Dollar General Beats on Earnings, Sets All-Time High

Dollar General Corporation (DG) beat earnings per share (EPS) estimates when the discount retailer reported results on May 28. The stock traded higher and set its all-time intraday high of $194.84 on June 1.

Almost every rural town has a Dollar General, a retail store where customers can buy almost all types of consumer goods. The stock could have been bought between March 12 and March 31 between its semiannual and annual pivots at $147.46 and $144.22, respectively.

The stock closed Friday, June 5, at $185.66, up 19% year to date and in bull market territory at 48.5% above its March 16 low of $125.00. The stock is 4.7% below its June 1 all-time high of $194.84.

Dollar General is not cheap, as its P/E ratio is 23.74 with a dividend yield of just 0.78%, according to Macrotrends. To increase store traffic, the retailer is expanding its focus to both consumable and discretionary goods. 

The daily chart for Dollar General

Daily chart showing the share price performance of Dollar General Corporation (DG)
Refinitiv XENITH

Dollar General stock has been above golden cross since Sept. 6, 2017. This buy signal occurred when the 50-day simple moving average rose above the 200-day simple moving average to indicate that higher prices would follow. This buy signal followed the stock all the way to its June 1, 2020, high of $194.84.

The stock could have been bought at its annual pivot at $144.22 between March 12 and March 27. This occurred when the stock dipped below its 200-day simple moving average.

Dollar General moved back above its 50-day and 200-day simple moving averages on April 2, and it moved above its quarterly pivot at $170.31 on April 13. The stock is now above its monthly value level at $171.44 but below this week's risky level at $193.27.

The weekly chart for Dollar General

Weekly chart showing the share price performance of Dollar General Corporation (DG)
Refinitiv XENITH

The weekly chart for Dollar General is positive but overbought, with the stock above its five-week modified moving average of $179.42. The stock is well above its 200-week simple moving average of $109.00, which is also the reversion to the mean. This average was last tested during the week of Sept. 1, 2017, when the average was $70.75.

The 12 x 3 x 3 weekly slow stochastic reading is projected to hit 89.01 this week, unchanged from June 5. If this reading rises above 90.00, the stock will be in an inflating parabolic bubble formation.

Trading strategy: Buy Dollar General stock on weakness to its monthly and quarterly pivots at $171.44 and $170.31, respectively, and reduce holdings on strength to its weekly risky level at $193.27.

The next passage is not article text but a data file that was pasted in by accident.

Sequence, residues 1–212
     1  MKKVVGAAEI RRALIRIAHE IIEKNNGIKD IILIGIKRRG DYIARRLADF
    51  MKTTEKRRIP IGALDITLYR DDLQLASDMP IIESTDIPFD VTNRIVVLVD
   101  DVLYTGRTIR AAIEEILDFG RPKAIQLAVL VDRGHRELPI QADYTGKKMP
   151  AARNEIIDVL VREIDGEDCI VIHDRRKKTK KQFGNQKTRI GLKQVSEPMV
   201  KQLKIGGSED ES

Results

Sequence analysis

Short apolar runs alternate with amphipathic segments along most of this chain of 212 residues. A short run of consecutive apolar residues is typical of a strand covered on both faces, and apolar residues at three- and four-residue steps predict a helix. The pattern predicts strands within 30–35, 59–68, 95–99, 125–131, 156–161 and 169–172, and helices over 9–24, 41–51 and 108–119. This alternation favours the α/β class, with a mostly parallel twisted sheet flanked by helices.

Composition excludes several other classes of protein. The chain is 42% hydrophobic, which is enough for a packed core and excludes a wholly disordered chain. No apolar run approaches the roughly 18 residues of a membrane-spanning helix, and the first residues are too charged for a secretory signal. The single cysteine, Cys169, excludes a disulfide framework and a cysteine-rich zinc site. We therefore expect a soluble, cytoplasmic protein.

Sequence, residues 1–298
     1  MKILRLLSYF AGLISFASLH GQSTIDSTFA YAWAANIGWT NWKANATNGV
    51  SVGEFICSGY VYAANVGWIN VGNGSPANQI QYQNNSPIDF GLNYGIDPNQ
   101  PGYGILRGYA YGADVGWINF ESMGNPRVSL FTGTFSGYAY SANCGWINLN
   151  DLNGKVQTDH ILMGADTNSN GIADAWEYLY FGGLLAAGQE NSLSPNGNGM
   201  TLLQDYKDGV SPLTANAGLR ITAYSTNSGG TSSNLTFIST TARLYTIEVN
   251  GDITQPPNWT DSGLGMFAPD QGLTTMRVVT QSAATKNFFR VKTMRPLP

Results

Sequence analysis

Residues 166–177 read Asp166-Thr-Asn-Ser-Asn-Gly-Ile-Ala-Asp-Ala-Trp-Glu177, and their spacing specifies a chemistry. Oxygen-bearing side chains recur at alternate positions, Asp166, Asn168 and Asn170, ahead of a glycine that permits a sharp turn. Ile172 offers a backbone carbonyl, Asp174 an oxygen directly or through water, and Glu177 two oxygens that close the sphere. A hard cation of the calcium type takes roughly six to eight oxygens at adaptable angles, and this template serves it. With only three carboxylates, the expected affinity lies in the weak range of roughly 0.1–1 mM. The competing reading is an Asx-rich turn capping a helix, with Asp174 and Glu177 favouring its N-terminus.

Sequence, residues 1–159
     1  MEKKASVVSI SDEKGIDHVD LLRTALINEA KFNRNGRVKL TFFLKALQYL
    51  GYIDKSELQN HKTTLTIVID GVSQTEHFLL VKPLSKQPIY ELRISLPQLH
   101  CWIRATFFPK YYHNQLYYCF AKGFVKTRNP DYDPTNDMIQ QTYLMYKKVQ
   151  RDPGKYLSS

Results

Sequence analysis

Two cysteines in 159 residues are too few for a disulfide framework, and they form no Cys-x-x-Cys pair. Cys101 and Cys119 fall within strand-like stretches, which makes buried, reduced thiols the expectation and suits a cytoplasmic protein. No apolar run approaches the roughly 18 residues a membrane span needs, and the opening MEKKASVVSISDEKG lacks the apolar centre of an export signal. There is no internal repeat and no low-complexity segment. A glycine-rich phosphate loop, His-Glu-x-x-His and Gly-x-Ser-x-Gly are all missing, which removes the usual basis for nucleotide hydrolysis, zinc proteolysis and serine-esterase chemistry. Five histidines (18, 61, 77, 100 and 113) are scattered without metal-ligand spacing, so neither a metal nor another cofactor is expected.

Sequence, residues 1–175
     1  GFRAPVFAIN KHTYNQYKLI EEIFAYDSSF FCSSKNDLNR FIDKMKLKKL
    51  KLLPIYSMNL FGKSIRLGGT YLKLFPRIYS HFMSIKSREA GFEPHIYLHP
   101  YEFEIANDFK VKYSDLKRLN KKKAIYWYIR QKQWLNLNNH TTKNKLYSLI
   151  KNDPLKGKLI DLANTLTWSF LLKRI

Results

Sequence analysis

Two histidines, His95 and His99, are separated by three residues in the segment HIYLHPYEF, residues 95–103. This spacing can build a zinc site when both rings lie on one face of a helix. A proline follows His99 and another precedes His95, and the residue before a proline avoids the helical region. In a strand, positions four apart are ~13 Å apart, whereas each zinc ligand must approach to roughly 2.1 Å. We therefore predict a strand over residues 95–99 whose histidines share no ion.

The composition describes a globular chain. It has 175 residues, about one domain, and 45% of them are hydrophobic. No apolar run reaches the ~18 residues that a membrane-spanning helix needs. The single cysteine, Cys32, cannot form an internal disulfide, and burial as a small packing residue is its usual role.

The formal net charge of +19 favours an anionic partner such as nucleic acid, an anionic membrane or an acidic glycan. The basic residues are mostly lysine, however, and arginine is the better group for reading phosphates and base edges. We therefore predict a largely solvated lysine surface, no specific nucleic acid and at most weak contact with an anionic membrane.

How to use my value levels and risky levels: The stock's closing price on Dec. 31, 2019, was an input to my proprietary analytics. Semiannual and annual levels remain on the charts. Each calculation uses the last nine closes in these time horizons.

The second quarter 2020 level was established based upon the March 31 close, and the monthly level for June was established based upon the May 29 close. New weekly levels are calculated after the end of each week, while new quarterly levels occur at the end of each quarter. Semiannual levels are updated at mid-year, and annual levels are in play all year long.

My theory is that nine years of volatility between closes are enough to assume that all possible bullish or bearish events for the stock are factored in. To capture share price volatility, investors should buy shares on weakness to a value level and reduce holdings on strength to a risky level. A pivot is a value level or risky level that was violated within its time horizon. Pivots act as magnets that have a high probability of being tested again before their time horizon expires.

How to use 12 x 3 x 3 weekly slow stochastic readings: My choice of using 12 x 3 x 3 weekly slow stochastic readings was based upon backtesting many methods of reading share-price momentum with the objective of finding the combination that resulted in the fewest false signals. I did this following the stock market crash of 1987, so I have been happy with the results for more than 30 years.

The stochastic reading covers the last 12 weeks of highs, lows, and closes for the stock. There is a raw calculation of the differences between the highest high and the lowest low versus the closes. These levels are modified to a fast reading and a slow reading, and I found that the slow reading worked the best.

The stochastic reading scales between 00.00 and 100.00, with readings above 80.00 considered overbought and readings below 20.00 considered oversold. A reading above 90.00 is considered an "inflating parabolic bubble" formation, which is typically followed by a decline of 10% to 20% over the next three to five months. A reading below 10.00 is considered "too cheap to ignore," which is typically followed by gains of 10% to 20% over the next three to five months.

Disclosure: The author has no positions in any stocks mentioned and no plans to initiate any positions within the next 72 hours.

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